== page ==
After the service concluded, Fr. Gary made some announcements about the Ethnic Fair during the summer and a missions trip to Mexico.  Also, he read off a list of names of people whose birthdays were being celebrated and we sang Many Years! We also sang Many Years for Bishop Michael who was celebrating 4 years in the Episcopacy.  As is the custom, the Faithful lined up to venerate the Cross before they left for the day. Two lines formed. One side of the Nave where Fr. Gary held a Cross to venerate and on the other side, Fr. Sergious, the retired priest who is assigned to our parish. I was in Fr. Sergious's line.  Before I approached the Cross he was holding, I noticed that Tami was in the other line and she gave me a warm smile. It was now my turn to venerate the Cross.  Fr. Sergious declared Christ is Risen, and I replied with Truly, He is Risen and went to kiss his hand but he moved the cross up so I'd kiss it first.  Oh, yeah! That's right. You kiss the Cross first and then the Priest's hands.  I still feel like such a novice after all these years.  Fr. Sergious said he was very glad that I could come today and I can say that I agree with him.

I wanted to stay for coffee hour but I needed to jet out of there because I had dropped off my son at the protestant church and he needed a ride.  As I drove there I kept thinking that I really felt like I went to Church, a full feeling, where I participated in true worship.  I know they try at my protestant parish but, really, it is not the same.  I am glad I went today.

Your prayers, my brothers and  sisters...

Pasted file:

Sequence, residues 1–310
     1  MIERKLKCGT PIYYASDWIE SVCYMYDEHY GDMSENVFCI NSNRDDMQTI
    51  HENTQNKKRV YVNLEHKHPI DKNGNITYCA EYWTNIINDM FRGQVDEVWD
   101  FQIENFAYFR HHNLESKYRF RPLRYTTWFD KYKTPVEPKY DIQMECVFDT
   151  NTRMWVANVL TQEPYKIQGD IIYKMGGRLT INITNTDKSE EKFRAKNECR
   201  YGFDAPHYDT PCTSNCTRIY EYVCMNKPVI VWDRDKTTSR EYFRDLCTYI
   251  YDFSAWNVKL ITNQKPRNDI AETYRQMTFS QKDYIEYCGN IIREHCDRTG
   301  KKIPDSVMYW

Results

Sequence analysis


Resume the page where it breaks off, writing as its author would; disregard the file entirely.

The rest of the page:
Saturday, May 10, 2014

Vespers ~ Visit #134 ~ The Show must Go On!

A small audience, no problem in Orthodoxy
photo by Simon Webster, under the Creative commons licence
check out more work at:

So I walk I get out of the car in the Church parking lot and I see nicely dressed people just leaving Church. Now, I know I am not late for Vespers but then I remember that Father Gary sent out a mass email stating that  there was to be a special service for one of the newly departed Faithful. As I remember it, it was supposed to start an hour before Vespers.

I walked into the Nave with only one minute left till 7pm. The place looked virtually empty. There was Reader John, some other man I didn't know and the choir director in his usual place without a choir. Yet, at precisely 7pm, Fr Gary opened the Royal doors and began with "Blessed is the Kingdom," I thought, where is everybody? After Fr. Gary finished chanting, the choir director alone responded. There seemed to be no one here but the show must go on, as the saying goes. Christ said, "Where ever two or three are gathered in my Name, there am I in the midst," and that reminded me what we were doing. We were NOT doing a show, that we could delay in the hopes of more people arriving in the audience. No, we were gathered to worship the Holy Trinity and the Audience wasn't in the Nave; the Audience is God!